Spring cleaning is a fun way to get rid of the excess items people carry around. But, instead of throwing out the valuable materials, just recycle them.
Leave something and take something. That is the motto at the Retuna Återbruksgalleria shopping centre, which is the first mall in the world that allows customers to return an old item in exchange for a brand new item.
All 15 of the businesses in the mall are environmentally conscious. “Our idea is that the customer comes here and leaves, for example, some furniture and clothing that [they] have no use for anymore. Then you go do a lap at the mall,” said Anna Bergström, centre manager ReTuna Recycling Galleria.
The items that are reusable are submitted to the ReTuna Recycling Center. Then, the staff at Eskilstuna Energy and Environment fixes up the products. They are then transferred to the mall where they could be enjoyed and resold.
People can recycle their old furniture, computers and audio equipment, bike and toys, and gardening materials.
“Maybe find a new jacket and a new framework that will make [that] photograph of [your] grandfather unique and extra fine, ” said Bergström.
Recycling in Sweden
The average American throws away 65 pounds of clothes every year, which adds up to 14 million pounds of textile waste per year.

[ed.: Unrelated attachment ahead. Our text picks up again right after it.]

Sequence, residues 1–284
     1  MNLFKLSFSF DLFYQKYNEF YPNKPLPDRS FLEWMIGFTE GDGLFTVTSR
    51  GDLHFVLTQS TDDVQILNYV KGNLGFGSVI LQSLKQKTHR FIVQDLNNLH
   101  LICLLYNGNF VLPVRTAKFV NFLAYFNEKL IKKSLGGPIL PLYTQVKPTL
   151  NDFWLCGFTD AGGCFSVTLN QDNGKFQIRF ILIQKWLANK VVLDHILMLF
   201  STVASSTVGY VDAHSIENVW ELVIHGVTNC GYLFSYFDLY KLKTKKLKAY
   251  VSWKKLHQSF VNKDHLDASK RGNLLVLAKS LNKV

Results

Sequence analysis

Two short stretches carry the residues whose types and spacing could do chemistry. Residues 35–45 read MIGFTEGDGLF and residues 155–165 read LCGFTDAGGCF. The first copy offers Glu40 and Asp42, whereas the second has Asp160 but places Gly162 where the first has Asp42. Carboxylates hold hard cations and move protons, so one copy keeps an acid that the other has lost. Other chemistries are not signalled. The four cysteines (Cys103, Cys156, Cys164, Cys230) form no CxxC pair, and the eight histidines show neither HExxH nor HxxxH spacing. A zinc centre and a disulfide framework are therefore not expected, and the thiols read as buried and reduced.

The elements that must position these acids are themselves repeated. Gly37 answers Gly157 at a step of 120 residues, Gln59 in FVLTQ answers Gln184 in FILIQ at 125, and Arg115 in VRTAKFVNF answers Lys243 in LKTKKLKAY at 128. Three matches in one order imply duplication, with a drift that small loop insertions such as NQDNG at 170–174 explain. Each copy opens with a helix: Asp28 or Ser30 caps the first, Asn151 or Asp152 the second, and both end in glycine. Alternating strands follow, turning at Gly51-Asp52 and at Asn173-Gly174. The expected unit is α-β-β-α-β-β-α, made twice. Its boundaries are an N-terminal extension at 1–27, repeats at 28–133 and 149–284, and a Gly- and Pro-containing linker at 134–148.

But in Sweden they have a 100 per cent recycling policy. It’s not that they recycle all of their products, not yet that is, but each household recycles 99 per cent of waste. This waste is then turned into energy. Furthermore, they are encouraging people to not throw away items but reuse them.
All-inclusive environmentally-friendly stores
The stores at the mall include a cafe, which offers organic food and beverages. It offers sandwiches, coffee, salads, wraps and nacho platters.
“Since you eat organic lunch in our restaurant to gather strength to do another lap and find new flowers for the garden and a new lamp for the living room. When you leave here, you should feel that you did something good for the environment.”
The mall even has a convenient bus stop located outside so people can frequently visit the stores. And, for people that drive, the ReTuna Recycling Center has a drive through making it easier for people to drop off the material and go.
The mall also offers the chance for students to learn recycling first-hand. Students can sign up the day before, and every Tuesday 30 people are given a tour of the facility.
Sweden’s new tax policy
Sweden announced they will give tax breaks to the citizens that opt to have their products fixed instead of throwing them out. This prevents people from buying new material and entering the vicious consumer buying market.
Now people can claim back part of their income due to damaged goods. These tax breaks can add up to $70 million a year. But the deputy finance minister says it will cancel out since the rise in labour will increase with the demand of repairing goods.